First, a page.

• The pachytene and somatic chromosome morphology of Cynodon dactylon (L.) Pers.

      Brilman, Leah Ann Moore (The University of Arizona., 1978)
    • A package efficient PC based AHPL to EDIF translator

      Hill, Fredrick J.; Lim, Yeow Lam, 1962- (The University of Arizona., 1990)
      Computed-Aided Design tools have assisted the digital designer at various levels of the design process. AHPL, A Hardware Programming Language, is a hardware description language which allows a digital system to be described at the register transfer level. AHPL circuit descriptions can be translated into logic gate networks using the HPCOM hardware compiler. The Electronic Design Interchange Format (EDIF) is a data exchange standard used to exchange data between CAD tools. By providing a translator to convert the logic gate networks from HPCOM into EDIF Netlist format, designs described in AHPL can be ported to other CAD tools. This thesis documents the development and implementation of a EDIF Netlist translator for the HPCOM generated logic network. The translator is designed to use every gate in a package and includes an option that converts logic gates to their NAND equivalents. Netlist outputs from the translator are simulated with the OrCAD Verification and Simulation Tools. These simulations are then compared with simulations from HPSIM to make sure the netlist output from the translator is indeed a gate level representation of the design as described by AHPL.

      Kratochwill, Thomas; Brown, Douglas Kirby (The University of Arizona., 1980)
      An instructional package is presented for training pre-intern psychologists in behavioral interviewing techniques. A specific interview format, the Problem Identification Interview, was combined with microsetting technology to provide an efficient method of training consultation verbal skills. The instructional package was evaluated with a multiple baseline across subjects design. Results of the study indicated that verbal skills specific to the interviewing format were acquired when the instructional package was used. The acquired skills were maintained across several experimental sessions and at a two month follow-up. A social validation questionnaire revealed that subjects of the study found the training to be preferable to traditional methods and relevant to future applied practice. The implications of this study for the training of psychologists and other professionals providing problem solving services were discussed.

      Bojorquez Romo, Antonio. (The University of Arizona., 1985)
    • Packrats, plants, and the Pleistocene in the lower Grand Canyon

      Phillips, Arthur Morton, 1947- (The University of Arizona., 1977)
    • Packstock hoofprint depth and soil strength relationships in wet meadow soils of Sequoia and Kings Canyon National Parks, California

      McClaran, Mitchel P.; Neuman, Michael John, 1964- (The University of Arizona., 1996)
      Penetrometer soil strength and the depth of packstock hoofprints were studied in two subalpine meadows in an attempt to develop a method for determining the seasonal readiness of wilderness meadows for packstock grazing at Sequoia & Kings Canyon National Parks, California. Soil and vegetation parameters (bulk density, water content, percent gravel, sand, silt, clay, and organic matter, above-ground biomass, and below-ground biomass in two diameter size classes) were also studied in order to understand their influence on soil strength and hoofprint depth. Of the four penetrometer tip sizes tested on a Lang penetrometer, a 9/16" diameter tip was found to be a good predictor of hoofprint depth. Both 9/16" soil strength and hoofprint depth were well predicted by soil water content and meadow vegetation type.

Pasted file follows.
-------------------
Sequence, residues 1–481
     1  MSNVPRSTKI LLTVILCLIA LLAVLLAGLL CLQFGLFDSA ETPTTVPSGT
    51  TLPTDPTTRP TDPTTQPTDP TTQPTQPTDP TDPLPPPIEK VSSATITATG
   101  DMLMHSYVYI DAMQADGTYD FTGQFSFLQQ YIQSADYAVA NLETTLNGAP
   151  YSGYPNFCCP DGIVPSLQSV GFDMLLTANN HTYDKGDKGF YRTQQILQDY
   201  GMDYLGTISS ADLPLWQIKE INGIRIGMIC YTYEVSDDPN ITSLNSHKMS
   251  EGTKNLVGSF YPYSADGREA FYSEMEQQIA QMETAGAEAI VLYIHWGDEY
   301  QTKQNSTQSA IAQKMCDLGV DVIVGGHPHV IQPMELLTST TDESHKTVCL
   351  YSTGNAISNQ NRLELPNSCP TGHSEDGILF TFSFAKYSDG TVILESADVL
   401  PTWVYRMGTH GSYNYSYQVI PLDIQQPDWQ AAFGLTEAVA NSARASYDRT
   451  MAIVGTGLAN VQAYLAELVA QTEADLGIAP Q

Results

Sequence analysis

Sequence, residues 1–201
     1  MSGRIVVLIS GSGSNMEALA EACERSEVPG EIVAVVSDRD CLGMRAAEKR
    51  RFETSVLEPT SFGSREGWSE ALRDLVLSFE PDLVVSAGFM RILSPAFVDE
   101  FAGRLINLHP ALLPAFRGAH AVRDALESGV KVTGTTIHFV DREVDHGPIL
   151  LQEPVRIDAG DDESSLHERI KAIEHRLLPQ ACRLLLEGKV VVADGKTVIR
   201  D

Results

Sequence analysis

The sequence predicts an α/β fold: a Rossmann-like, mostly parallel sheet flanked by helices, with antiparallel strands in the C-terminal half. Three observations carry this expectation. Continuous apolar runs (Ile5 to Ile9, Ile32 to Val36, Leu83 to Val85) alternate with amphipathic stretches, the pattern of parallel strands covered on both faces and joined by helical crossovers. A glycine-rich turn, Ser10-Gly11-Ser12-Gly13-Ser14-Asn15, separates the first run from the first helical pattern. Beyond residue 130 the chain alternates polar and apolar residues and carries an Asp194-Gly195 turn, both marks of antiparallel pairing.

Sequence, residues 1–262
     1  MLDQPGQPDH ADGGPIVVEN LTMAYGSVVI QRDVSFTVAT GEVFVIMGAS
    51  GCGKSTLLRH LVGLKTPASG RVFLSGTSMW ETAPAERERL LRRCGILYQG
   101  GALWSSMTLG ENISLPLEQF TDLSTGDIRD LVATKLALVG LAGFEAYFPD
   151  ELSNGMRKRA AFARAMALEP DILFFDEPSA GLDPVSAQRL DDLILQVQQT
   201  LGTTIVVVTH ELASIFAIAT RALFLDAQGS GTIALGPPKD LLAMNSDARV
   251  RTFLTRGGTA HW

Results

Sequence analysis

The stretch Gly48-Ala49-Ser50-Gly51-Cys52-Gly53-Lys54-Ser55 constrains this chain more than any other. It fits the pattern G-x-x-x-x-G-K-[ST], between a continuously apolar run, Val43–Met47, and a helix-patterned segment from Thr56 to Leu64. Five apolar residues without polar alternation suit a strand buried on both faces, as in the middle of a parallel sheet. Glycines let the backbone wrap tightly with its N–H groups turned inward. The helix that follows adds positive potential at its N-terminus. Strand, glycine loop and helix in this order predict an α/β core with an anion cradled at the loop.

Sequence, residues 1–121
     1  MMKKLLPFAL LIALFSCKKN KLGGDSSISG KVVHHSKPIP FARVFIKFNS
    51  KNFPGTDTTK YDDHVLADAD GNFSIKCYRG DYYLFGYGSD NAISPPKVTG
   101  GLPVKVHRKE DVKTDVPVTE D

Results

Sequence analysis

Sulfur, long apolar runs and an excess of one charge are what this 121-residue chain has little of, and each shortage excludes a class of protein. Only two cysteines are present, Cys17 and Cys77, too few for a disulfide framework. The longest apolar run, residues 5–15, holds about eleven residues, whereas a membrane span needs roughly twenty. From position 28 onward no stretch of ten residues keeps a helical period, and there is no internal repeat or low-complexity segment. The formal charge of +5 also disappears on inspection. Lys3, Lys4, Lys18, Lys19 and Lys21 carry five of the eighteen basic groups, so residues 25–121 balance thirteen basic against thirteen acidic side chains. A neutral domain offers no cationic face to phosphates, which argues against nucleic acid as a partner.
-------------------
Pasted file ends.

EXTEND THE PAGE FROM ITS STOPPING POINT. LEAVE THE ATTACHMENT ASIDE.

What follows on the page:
• Pad-Wafer and Brush-Wafer Contact Characterization in Planarization and Post-Planarization Processes

      Philipossian, Ara; SUN, TING; Philipossian, Ara; Muscat, Anthony; Ogden, Kimberly; Lynch, David C. (The University of Arizona., 2009)
      This dissertation presents a series of studies relating to pad-wafer and brush-wafer contact characterization in planarization and post-planarization processes. These are also evaluated with the purposes of minimizing environmental impact and reducting cost of ownership.Firstly, a new method using spectral analysis based on real-time raw friction data is developed to quantify the total amount of mechanical interaction in the brush-fluid-wafer interface in terms of stick-slip phenomena in post-planarization scrubbing. This new method is remarkable from the standpoint of its potential to eliminate having to perform a multitude of experiments needed for constructing and interpreting Stribeck curves, and its application to processes where Stribeck curves fail to yield any useful data. Moreover, this method is applied to investigate the effect of brush roller design on scrubbing process and to analyze behaviors of eccentric brushes.In order to study pad-wafer contact in planarization processes, a mechanical characterization method (incremental loading test) is developed and applied to analyze different types of pads and pad surfaces subjected to various treatments. Along with optical interferometry and theoretical analysis, flow resistance due to pad land area topography can be estimated.The greatest contribution of this dissertation involves development of real pad-wafer contact area measurement technique using confocal microscopy. The real pad-wafer contact area is a difficult property to measure in planarization, yet it is a key feature to further understand the process. A custom-made sample holder with a sapphire window and a miniature load cell is used to collect confocal images at controlled values of down force.At last, the two newly developed techniques (incremental loading test and real pad-wafer contact area measurement using confocal microscopy) together with dual emission UV enhanced fluorescence imaging are utilized to investigate conditioning effects in planarization process.